It is also a good idea to wait until early December 2023 before performing a Roth IRA conversion in order to get a better picture of one’s 2023 federal and state income tax liability situation. But an individual should not wait too long into December to perform the Roth IRA conversion. This is because some IRA custodians will not process Roth IRA conversions requests for 2023 after a specific date.

Edward A. Zurndorfer is a CERTIFIED FINANCIAL PLANNER™ professional, Chartered Life Underwriter, Chartered Financial Consultant, Chartered Federal Employee Benefits Consultant, Certified Employees Benefits Specialist and IRS Enrolled Agent in Silver Spring, MD. Tax planning, Federal employee benefits, retirement and insurance consulting services offered through EZ Accounting and Financial Services, and EZ Federal Benefits Seminars, located at 833 Bromley Street - Suite A, Silver Spring, MD 20902-3019 and telephone number 301-681-1652. Raymond James is not affiliated with and does not endorse the opinions or services of Edward A. Zurndorfer or EZ Accounting and Financial Services. The information has been obtained from sources considered to be reliable, but we do not guarantee that the foregoing material is accurate or complete. While we are familiar with the tax provisions of the issues presented herein, as Financial Advisors of RJFS, we are not qualified to render advice on tax or legal matters. You should discuss tax or legal matters with the appropriate professional.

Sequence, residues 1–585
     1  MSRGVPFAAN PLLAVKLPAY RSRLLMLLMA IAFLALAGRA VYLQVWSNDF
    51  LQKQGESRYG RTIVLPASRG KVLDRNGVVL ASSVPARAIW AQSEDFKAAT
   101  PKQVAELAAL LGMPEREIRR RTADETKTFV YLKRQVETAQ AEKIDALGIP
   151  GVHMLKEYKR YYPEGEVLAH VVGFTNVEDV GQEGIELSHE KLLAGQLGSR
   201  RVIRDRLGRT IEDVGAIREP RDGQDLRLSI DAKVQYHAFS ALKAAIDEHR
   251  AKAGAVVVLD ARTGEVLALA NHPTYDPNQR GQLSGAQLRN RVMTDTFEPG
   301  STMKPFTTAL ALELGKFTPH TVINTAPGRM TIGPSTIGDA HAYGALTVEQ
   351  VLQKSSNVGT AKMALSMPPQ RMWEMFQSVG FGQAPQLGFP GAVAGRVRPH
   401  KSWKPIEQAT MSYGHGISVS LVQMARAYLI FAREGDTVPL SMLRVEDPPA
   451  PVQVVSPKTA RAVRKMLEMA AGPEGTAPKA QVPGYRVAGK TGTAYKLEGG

Year-end tips for TSP and IRA Planning ; image: man making a plan

Year-End Tips for TSP and IRA Planning